Being fit can make a big difference to your time on the water. For recreational windsurfing, good cardio health, agility and conditioning are all you need to enhance your enjoyment. The RYA caught up with Windsurfing coach Simon Bornhoft to extol the virtues of becoming fitter for windsurfing.
‘I’m not fit and don’t really fancy the gym. What should I do?’
Start gently and gradually work up your cardio fitness level, working from low to higher intensity sessions.
‘Doing what exactly?’
Low-intensity training requires exercising at 55% to 75% of your maximum heart rate (MHR) for reasonable lengths of time: your MHR is 220 minus your age. If you haven’t got a heart rate monitor, count your pulse from your wrist or neck for 15 seconds and times it by four. Fifty-five to 75% of your MHR feels like you’re breathing rapidly, but you can still hold a conversation. The objective is to increase stamina and underlying fitness, so just get active with regular 30-minute sessions, building up to two to three hours a week at 50% to 75% of your MHR. Suggested exercises: cycling, swimming, running, rowing, canoeing, paddle boarding, boxercise or circuit training.
‘What does high intensity involve?’
If you’re already taking regular exercise, it’s a good idea to do shorter, higher intensity interval or sprint sessions, working at 70% to 85% of your MHR. This means that you’re working harder, often sweating and can barely hold a conversation. Start with a ten-minute warm-up at 50% to 70% of your MHR. Then three-minute sprints at 70% to 85% of your MHR, followed by a two-minute recovery. Repeat three to four times. Do this two to three times a week and you’ll soon see a difference. Suggested exercises: biking, running, rowing or circuit training.
‘I already enjoy exercise, but want to target my windsurfing muscles’
Windsurfing is primarily an asymmetrical exercise, yet also involves twisting, turning and tension of the body, counterbalancing against a rig whilst on a moving board. So windsurfing conditioning should include movements involving a mix of strength, balance, mobility and core stability. Tension and effort whilst balancing strengthens the muscles deep down at the front and rear of the lower spine that act with the abdominal muscles during exertion: commonly referred to as core stability. This contributes towards your whole body mechanics, balance and power on a board. So, for specific windsurfing training, one of the best approaches is to minimise static gym machines (apart from a rowing machine, which is a great all-rounder for windsurfing conditioning) and add balance and or agility to your exercises. For instance, do press-ups with your feet supported on a balance ball or do light weights sitting on or, with experience, kneeling on a Swiss ball, or turn your workout into more of a circuit session, keeping as mobile as possible between exercises.
Windsurfing is a complete body workout, so whilst there are many more options than those listed here, these are well-known exercises that will help to prepare you for windsurfing. Mix and match these exercises to include each of the main muscle groups, but most importantly, do something! As ever, if you’ve never done these exercises before or don’t know what they are, get assistance from your local gym or personal trainer.
• Ten-minute warm-up (fast walk, jog, row or cycle).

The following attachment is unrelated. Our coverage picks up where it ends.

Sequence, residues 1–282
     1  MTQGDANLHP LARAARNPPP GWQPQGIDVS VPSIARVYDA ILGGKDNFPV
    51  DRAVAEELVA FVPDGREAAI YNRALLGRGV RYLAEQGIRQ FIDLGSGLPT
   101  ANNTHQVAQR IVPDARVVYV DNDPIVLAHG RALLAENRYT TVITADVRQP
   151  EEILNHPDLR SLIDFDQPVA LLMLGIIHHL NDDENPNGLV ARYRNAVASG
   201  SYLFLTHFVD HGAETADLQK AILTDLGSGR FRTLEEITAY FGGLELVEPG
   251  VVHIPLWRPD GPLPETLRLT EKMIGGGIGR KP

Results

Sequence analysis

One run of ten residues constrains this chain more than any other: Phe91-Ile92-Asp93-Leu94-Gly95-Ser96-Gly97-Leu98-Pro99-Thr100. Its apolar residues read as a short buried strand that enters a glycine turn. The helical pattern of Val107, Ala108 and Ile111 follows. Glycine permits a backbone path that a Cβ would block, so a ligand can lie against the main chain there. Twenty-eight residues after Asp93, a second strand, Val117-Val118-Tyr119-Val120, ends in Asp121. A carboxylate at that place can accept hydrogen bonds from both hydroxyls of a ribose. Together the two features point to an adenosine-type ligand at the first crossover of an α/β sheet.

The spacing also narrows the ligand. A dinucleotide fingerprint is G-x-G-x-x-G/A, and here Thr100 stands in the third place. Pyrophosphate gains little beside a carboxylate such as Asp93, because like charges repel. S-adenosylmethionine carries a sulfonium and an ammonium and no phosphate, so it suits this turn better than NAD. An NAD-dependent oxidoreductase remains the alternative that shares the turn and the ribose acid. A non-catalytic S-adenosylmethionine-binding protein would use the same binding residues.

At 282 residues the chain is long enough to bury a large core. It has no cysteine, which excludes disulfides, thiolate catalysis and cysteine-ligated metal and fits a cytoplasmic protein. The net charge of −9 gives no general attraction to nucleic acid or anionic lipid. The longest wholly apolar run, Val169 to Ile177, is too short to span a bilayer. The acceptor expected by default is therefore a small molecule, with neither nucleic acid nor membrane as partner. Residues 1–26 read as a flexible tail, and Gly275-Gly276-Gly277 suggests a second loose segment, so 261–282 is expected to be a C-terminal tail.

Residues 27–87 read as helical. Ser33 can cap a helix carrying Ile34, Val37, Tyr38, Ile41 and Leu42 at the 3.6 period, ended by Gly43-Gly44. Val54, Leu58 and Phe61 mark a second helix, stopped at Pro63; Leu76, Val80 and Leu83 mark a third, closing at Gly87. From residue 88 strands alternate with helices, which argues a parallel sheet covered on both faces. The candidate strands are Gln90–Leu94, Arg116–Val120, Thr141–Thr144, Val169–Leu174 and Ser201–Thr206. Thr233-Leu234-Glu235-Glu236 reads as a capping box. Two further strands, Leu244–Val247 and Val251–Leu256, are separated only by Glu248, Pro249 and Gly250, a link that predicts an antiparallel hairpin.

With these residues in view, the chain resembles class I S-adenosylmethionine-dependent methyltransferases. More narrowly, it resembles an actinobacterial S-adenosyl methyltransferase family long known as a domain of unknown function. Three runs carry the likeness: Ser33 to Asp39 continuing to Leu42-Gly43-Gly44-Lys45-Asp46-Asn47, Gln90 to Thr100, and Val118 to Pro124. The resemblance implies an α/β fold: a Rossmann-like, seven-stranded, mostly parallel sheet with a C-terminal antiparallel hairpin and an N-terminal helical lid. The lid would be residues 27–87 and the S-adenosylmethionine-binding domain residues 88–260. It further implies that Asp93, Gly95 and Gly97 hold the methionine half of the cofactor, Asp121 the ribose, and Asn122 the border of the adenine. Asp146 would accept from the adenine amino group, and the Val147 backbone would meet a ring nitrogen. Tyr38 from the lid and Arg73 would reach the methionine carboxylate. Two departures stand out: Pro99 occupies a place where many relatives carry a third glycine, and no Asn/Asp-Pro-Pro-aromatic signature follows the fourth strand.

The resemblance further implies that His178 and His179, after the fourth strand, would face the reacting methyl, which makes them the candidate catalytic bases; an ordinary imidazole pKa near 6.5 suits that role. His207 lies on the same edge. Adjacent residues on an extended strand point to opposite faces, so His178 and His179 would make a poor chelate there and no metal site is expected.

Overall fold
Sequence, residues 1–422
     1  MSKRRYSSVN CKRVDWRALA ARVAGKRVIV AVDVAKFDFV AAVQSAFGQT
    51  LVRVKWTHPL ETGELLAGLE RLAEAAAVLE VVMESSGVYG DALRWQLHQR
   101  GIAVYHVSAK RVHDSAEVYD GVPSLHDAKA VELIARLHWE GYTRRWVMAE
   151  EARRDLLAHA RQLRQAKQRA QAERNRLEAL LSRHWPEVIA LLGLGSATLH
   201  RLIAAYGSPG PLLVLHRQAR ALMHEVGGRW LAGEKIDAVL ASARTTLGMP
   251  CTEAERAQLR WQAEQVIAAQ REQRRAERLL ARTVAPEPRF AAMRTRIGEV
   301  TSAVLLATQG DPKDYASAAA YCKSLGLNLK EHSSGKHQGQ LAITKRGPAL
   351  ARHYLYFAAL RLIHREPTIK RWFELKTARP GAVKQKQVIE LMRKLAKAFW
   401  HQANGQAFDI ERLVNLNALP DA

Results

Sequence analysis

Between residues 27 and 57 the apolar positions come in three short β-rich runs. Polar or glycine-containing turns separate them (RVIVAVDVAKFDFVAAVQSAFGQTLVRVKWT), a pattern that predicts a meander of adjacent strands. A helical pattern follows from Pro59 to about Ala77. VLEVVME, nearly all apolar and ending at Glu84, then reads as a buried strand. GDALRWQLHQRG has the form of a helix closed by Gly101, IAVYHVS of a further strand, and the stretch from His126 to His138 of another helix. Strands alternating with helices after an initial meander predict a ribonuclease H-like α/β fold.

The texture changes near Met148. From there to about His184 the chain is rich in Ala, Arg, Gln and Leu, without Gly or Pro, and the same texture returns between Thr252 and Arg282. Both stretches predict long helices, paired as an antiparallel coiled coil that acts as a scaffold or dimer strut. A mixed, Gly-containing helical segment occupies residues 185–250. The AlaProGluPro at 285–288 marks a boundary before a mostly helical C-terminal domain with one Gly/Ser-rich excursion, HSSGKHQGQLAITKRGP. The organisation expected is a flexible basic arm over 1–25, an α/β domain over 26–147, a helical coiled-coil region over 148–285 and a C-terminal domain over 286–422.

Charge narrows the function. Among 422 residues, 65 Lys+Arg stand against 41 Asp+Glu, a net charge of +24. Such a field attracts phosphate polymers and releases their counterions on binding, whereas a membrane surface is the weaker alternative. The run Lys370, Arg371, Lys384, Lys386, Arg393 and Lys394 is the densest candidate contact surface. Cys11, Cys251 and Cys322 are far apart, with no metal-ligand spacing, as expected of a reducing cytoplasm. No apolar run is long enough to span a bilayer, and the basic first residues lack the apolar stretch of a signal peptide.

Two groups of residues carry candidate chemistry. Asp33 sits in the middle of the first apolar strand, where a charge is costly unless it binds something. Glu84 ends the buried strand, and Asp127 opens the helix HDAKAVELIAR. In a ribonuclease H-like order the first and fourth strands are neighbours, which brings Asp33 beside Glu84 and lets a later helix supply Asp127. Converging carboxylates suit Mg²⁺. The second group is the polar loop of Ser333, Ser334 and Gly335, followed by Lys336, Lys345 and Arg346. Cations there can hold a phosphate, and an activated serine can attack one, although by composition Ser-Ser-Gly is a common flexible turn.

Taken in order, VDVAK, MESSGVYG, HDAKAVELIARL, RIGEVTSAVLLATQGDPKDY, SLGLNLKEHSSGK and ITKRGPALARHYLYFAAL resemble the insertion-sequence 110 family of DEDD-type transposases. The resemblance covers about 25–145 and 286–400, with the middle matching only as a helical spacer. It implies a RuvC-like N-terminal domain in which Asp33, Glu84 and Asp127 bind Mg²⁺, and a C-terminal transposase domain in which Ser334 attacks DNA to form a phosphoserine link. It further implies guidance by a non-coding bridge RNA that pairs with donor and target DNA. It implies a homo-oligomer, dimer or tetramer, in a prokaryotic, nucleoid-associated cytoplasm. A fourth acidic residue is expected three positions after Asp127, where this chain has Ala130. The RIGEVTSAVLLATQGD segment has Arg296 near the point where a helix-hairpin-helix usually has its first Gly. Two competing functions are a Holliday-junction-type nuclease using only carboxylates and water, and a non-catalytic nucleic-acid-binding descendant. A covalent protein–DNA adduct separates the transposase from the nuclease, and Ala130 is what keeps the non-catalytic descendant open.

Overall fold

• Do ten to 20 repetitions or up to 30 seconds for each set (build up the duration if you’re not used to it).
• Complete two to three sets of each exercise with a short breather between sets (see the table opposite for examples).
• Many personal trainers say that the greatest benefits come from the first set. So do it well!
• Take a short break of one to two minutes before moving on to the next exercise.
• Use a slow, controlled action; start with very light weights, maintaining good posture and stabilising the torso.
• Exhale during maximum exertion and stop it if hurts.
• Gently stretch and warm down each muscle group to finish your workout.
• Beginner/not fit: do these exercises with your feet on the ground to get started.
• Improver/getting fitter: add a Bosu (half ball) to increase balance element.
• Advanced/gym nut: use a Swiss ball to increase difficulty.
Mix it up
Variation and cross-training is always a good idea, so try adding in exercises such as TRX cable sessions, military-style circuits, Pilates, yoga or specific Swiss/balance ball classes. Anything that involves mobility, strength and agility is going to contribute towards windsurfing fitness. There are, of course, endless different opinions or alternative exercises that could be elaborated on, but these will give you a good head start and hopefully inspire you to do more. Keep it simple, do something well regularly and increase its relevance into your weekly timetable. As with any goal or task, make it very specific and do something about it – now! Go for a bike ride or book a circuit class; your extra fitness may just add a few extra knots to your gybing speed.
Health and safety
Seek professional assistance when trying any of these exercises for the first time. Start gently, stop if it hurts and seek medical advice before starting strenuous exercise if you have any pre-existing health issues that might affect your fitness routine or wellbeing.
The table shows how different exercises work various muscle groups, and how they will help you when you take to the water to go windsurfing.
For information about RYA windsurfing training courses visit www.rya.org.uk/training
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